The two men have known each for more than a decade, since Biden’s time as vice-president, but Monday will see them meet face-to-face for the first time in their current roles.

“We have very little misunderstanding. We just gotta figure out what the red lines are,” Biden said.

White House officials say Biden will push China to use its influence to rein in North Korea after a record-breaking spate of missile tests sent fears soaring that the reclusive regime will soon carry out its seventh nuclear test.

Biden had a fillip overnight with the news that the Democrats retained their effective majority in the US Senate thanks to Catherine Cortez Masto winning in Nevada.

“I know I’m coming in stronger,” he said of the midterms’ impact on his talks with Xi.

Japan, S Korea talks

Biden will meet his South Korean counterpart Yoon Suk-yeol and Japanese Prime Minister Fumio Kishida on Sunday to discuss ways to address the threat posed by the North’s missile programme.

China is Pyongyang’s main ally and US officials say that, while Biden will not make demands, he will warn Xi that further missile and nuclear build-up would mean the United States boosting its military presence in the region—something Beijing bitterly opposes.

“North Korea represents a threat not just to the United States, not just to (South Korea) and Japan but to peace and stability across the entire region,” US National Security Advisor Jake Sullivan told reporters.

Kim Jong Un’s regime ramped up missile launches in response to large-scale US-South Korean air exercises, which the North described as “aggressive and provocative”.

The tests included an intercontinental ballistic missile and another shorter-range projectile that crossed the de facto maritime border and landed near the South’s territorial waters for the first time since a ceasefire ended hostilities in the Korean War in 1953.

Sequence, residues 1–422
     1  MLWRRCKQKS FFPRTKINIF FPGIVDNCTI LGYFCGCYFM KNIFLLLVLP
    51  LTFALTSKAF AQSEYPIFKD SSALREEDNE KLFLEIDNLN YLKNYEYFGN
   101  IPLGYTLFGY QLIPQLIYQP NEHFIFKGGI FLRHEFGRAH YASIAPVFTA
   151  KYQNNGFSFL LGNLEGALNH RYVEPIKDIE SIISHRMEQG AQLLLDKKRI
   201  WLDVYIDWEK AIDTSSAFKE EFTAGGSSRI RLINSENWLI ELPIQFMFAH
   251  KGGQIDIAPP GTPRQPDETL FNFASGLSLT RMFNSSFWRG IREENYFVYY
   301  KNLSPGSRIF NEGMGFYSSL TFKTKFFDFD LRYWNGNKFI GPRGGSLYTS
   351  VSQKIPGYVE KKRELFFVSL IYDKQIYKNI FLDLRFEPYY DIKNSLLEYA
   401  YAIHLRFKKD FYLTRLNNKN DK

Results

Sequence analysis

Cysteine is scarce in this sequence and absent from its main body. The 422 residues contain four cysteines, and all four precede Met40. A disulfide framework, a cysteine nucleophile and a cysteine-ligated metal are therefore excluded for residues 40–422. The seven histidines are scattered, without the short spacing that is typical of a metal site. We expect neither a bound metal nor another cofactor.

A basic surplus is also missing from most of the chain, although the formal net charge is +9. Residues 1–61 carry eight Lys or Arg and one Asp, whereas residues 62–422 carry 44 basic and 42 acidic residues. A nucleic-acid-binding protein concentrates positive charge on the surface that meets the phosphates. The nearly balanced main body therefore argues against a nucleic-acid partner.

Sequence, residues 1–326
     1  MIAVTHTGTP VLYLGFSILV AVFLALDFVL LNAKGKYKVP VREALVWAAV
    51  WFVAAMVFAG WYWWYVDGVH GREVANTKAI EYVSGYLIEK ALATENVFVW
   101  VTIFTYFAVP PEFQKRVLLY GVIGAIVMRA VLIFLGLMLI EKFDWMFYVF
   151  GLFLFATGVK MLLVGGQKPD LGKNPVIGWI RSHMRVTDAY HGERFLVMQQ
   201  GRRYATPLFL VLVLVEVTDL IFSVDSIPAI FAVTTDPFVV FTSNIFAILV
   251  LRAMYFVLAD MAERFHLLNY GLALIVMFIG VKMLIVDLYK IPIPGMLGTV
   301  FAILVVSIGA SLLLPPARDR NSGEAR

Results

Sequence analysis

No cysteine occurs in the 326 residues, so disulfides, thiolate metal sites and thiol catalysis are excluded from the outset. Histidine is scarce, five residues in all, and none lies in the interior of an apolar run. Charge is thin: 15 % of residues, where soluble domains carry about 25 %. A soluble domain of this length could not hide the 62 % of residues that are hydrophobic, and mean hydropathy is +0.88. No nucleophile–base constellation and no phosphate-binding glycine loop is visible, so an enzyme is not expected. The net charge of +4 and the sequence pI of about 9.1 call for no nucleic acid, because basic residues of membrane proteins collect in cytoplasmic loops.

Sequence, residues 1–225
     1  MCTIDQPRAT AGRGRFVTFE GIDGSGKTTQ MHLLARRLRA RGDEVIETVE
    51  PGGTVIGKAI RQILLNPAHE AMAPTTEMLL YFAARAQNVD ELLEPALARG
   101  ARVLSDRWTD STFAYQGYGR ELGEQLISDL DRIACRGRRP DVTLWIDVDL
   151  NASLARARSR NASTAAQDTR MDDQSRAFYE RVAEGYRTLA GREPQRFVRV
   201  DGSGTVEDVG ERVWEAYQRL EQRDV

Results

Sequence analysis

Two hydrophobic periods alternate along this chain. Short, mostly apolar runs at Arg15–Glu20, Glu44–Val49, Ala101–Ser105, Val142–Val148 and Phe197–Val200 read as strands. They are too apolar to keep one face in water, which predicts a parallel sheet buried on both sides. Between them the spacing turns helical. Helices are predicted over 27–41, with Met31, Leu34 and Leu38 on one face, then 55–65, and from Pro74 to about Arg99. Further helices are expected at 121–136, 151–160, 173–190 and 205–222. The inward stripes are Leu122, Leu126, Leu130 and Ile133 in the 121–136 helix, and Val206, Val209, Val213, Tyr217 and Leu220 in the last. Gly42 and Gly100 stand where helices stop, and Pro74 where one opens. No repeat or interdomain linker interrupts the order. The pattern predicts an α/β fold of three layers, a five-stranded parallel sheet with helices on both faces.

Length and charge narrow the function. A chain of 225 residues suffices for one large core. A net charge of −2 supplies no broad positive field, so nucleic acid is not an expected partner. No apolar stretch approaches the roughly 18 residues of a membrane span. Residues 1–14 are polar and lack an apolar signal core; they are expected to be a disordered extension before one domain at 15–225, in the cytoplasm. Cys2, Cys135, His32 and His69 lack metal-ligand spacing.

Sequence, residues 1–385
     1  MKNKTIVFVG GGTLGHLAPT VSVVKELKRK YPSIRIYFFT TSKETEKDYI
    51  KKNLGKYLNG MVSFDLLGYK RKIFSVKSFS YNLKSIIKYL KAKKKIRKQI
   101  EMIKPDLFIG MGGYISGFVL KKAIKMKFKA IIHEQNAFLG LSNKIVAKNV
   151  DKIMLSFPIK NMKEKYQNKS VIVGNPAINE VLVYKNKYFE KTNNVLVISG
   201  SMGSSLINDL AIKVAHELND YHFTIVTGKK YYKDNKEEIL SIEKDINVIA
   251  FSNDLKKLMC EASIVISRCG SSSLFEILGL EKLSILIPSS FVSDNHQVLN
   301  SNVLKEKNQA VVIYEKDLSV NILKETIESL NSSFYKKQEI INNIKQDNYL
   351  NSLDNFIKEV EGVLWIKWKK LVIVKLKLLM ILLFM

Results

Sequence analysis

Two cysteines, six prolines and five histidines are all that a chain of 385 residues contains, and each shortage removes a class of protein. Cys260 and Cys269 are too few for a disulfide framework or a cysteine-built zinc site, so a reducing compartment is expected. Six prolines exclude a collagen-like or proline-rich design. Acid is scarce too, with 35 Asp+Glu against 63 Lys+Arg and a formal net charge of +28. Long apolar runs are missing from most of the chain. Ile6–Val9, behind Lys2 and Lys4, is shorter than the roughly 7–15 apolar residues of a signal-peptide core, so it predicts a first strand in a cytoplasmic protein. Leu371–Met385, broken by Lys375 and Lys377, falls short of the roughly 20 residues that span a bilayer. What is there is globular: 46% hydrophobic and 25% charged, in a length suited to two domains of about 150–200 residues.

Diplomatic blitz

Biden flew to Phnom Penh from the COP27 climate conference as part of US efforts to boost its influence in Southeast Asia as a counter to China.

China has been flexing its muscles—through trade, diplomacy and military clout—in recent years in a region it sees as its strategic backyard.

Biden took a veiled swipe at Beijing in talks with leaders from the Association of Southeast Asian Nations (ASEAN) regional bloc.

He said the United States would work with ASEAN to “defend against the significant threats to rules-based order and threats to the rule of law”.

While the president did not refer to China by name, Washington has long criticised what it says are Beijing’s efforts to undermine international norms on everything from intellectual property to human rights.

Biden and Chinese Premier Li Keqiang were seated on either side of host, Cambodian leader Hun Sen, at a gala dinner to mark the ASEAN summit on Saturday night.

While Biden goes into the meeting with Xi buoyed by the Democrats seeing off a predicted Republican “red wave”, Xi was anointed last month for a historic third term as paramount leader by the Chinese Communist Party congress.

Li met International Monetary Fund chief Kristalina Georgieva at the ASEAN gathering on Saturday, when he also addressed participants.

Biden and Li took part Sunday in an East Asia Summit that rounds off the first leg of a trilogy of top gatherings in the region, with the G20 on the holiday island of Bali and an APEC gathering in Bangkok to follow.

The consequences of the war in Ukraine are set to dominate the upcoming talks, although Russian President Vladimir Putin will be notably absent.